On occasion we receive instructions from a third party (a relative, friend or interposed advisor). The question then arises: Can we act for the client on the instructions from a third party?
The answer is that we must be extremely careful in evaluating whether this is something we should do. We must keep in mind the following:
- Rule 8 Australian Solicitors Conduct Rules 2012 (Qld) (‘ASCR’) provides that we must follow a client’s lawful, proper and competent instructions, and
- Rule 7.1 ASCR provides that we must provide clear and timely advice to assist the client to understand relevant legal issues and to make informed choices about action to be taken.
It is always preferable to develop a personal rapport with the client and meet with them if at all possible, face to face. We should be cautious about accepting instructions from someone we do not know. Verification of identity is critical.
When instructions are coming from a third party we must be clear as to who the client is. If it is not the third party, then we should ensure we meet with the client to obtain instructions directly.
It is advisable to see the client alone to ensure there is no external influences on the client, particularly when the initial instructions from the third party benefit or favour the third party.
Client instructions should always be confirmed in writing.
A client may expressly authorise a third party to instruct on their behalf. Such authority should be in writing and freely given. Preferably, it should be in a power of attorney.
Be clear who the client is. This should be clearly stated in your retainer or costs agreement.
We owe a duty of confidentiality to the client (Rule 9 ASCR). We must have the client’s consent to disclose information to a third party (Rule 9.2.1 ASCR – preferably, the consent should be express and in writing). Remember the client is fully entitled to limit what is disclosed to others.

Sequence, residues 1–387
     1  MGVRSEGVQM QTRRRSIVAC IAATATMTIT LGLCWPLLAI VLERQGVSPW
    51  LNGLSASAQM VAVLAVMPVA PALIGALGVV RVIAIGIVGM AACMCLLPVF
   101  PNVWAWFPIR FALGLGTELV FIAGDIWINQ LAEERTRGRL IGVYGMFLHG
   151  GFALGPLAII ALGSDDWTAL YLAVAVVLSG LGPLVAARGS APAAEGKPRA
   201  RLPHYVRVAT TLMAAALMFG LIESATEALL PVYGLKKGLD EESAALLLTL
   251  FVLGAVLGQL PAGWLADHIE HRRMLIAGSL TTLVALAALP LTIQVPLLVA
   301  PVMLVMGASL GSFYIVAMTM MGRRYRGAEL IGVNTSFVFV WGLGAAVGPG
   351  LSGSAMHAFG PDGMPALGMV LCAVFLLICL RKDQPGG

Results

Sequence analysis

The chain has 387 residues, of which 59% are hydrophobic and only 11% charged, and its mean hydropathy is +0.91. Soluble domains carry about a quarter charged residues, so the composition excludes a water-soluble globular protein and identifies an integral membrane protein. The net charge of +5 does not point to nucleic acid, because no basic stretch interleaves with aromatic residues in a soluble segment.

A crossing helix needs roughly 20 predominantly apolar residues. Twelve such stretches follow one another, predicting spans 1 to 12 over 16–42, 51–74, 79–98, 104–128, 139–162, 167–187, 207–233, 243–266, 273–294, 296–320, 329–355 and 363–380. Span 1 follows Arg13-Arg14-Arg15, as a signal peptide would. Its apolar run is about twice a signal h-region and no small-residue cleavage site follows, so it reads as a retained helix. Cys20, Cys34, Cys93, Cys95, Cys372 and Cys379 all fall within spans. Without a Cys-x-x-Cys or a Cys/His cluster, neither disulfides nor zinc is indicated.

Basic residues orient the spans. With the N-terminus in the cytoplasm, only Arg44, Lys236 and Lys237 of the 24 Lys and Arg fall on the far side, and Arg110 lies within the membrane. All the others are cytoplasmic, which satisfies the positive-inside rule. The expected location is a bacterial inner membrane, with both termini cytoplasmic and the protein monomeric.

It may be necessary when dealing with a third party to:
- confirm that we act for the client and are not acting or advising them
- inform a third party they should consult with their own solicitor
- advise that we act in the best interests of the client and act in those interests alone (subject to our duty to the court and the administration of justice)
- control the way in which a third party communicates with us to avoid potential conflicts of duty arising
- scope carefully the work to be done and who is responsible for the fees and costs.
It is important to reflect (particularly when a third party is an interposed advisor) if this is a matter or transaction we should be acting in. When in doubt, don’t. Remember, there may be exposure to damages or compensation for failing to act in accordance with the instructions of the client.